ADP Jobs Report Shocks Prognosticators

ADP, the payroll company, has issued its jobs report which is its estimate for the number of jobs created or lost each month. ADP has inside information on this because they write the paychecks. Using the fluctuations in their clients payrolls as a statistical sample for the rest of the country, ADP puts out a job report that is on average within 30,000 jobs of the Labor Department report. For November, ADP estimates 189,000 private sector jobs were created in November. The latest Reuiters poll of economists showed an average prediction of 75,000 non-farm jobs created in November, according to the Wall Street Journal the average estimate was 50,000 nonfarm jobs. Some economists are revising their estimates upward but few, if any, are willing to admit that ADP is even within 75,000 jobs of what the Labor Department will report on Friday. From WSJ Realtime Economics, here is a round-up of adjustments made after the ADP report.

Paul Ashworth of Capital Economics says the ADP figure suggests a gain of 90,000 nonfarm jobs in the government report, but notes it “has been spectacularly wrong on more than one occasion in its short history.” Ian Shepherdson of High Frequency Economics says the ADP report “is the best single indicator of payrolls month-to-month, but it is still not very good” with a margin of error of about plus or minus 160,000. He raised his estimate for the official number to 125,000 jobs from 50,000. Morgan Stanley economists also raised their estimate for total November employment gains, to 100,000 jobs from an earlier forecast of 50,000.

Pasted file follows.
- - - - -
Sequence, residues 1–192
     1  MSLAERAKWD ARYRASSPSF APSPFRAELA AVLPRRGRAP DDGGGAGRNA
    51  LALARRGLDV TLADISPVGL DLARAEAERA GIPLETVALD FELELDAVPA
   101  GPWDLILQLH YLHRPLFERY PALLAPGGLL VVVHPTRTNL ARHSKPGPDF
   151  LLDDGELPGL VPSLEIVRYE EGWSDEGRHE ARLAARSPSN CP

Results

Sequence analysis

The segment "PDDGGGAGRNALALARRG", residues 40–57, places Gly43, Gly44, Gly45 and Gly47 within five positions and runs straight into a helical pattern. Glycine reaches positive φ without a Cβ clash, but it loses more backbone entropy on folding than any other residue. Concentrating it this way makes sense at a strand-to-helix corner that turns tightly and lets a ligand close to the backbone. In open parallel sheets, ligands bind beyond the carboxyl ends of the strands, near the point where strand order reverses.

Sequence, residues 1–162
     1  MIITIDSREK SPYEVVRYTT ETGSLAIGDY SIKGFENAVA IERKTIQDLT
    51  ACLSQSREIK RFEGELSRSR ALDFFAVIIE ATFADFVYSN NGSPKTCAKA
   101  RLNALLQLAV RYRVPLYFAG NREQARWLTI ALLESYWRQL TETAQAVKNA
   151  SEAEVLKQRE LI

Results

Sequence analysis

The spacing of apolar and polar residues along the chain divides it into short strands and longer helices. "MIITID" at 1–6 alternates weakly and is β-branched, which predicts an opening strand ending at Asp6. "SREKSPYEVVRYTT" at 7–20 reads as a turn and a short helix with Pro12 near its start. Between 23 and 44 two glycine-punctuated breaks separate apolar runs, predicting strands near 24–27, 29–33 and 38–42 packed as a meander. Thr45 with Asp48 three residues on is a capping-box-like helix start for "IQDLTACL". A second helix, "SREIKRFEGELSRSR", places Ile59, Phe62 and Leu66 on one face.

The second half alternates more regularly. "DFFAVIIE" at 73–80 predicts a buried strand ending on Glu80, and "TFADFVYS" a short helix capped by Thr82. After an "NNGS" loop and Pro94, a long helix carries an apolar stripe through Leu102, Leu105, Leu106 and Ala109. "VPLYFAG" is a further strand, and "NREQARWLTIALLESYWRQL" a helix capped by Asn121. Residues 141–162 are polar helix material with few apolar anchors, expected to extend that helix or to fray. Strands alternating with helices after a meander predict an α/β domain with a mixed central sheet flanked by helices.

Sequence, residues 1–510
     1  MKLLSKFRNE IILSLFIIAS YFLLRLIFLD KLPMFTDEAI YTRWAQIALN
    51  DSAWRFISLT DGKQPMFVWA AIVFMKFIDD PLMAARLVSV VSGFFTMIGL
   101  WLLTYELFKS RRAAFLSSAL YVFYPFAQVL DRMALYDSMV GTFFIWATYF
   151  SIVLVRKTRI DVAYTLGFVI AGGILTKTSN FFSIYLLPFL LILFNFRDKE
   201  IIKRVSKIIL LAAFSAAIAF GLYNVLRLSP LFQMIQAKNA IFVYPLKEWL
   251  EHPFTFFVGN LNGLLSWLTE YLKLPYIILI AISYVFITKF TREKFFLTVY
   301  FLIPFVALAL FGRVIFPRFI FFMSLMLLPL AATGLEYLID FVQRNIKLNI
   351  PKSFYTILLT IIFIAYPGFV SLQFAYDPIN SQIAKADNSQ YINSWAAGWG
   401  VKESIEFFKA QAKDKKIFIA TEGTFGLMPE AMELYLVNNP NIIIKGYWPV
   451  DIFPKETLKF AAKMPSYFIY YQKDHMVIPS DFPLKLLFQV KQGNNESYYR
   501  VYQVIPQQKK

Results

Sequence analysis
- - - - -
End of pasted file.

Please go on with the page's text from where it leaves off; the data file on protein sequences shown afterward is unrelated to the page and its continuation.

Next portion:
Once again, I am going to be bullish and "take the over." I project that the ADP report will be within 30,000 jobs of the Labor Department report. Plus there should be about 20,000 government jobs added. So I am projecting 180,000 or more jobs created in November. I also project that if the number comes in that high, economists will complain that a lot of the jobs are temporary for the holiday season. This is sort of the jobs version of claiming Christmas shoppers are just bargain hunters. We can add that to my projection that retail sales in November will show a greater than 4% gain over 2006. The November retail figures are due to come out tomorrow and the labor report on Friday. So for the rest of the week I can look forward to either gloating or eating crow.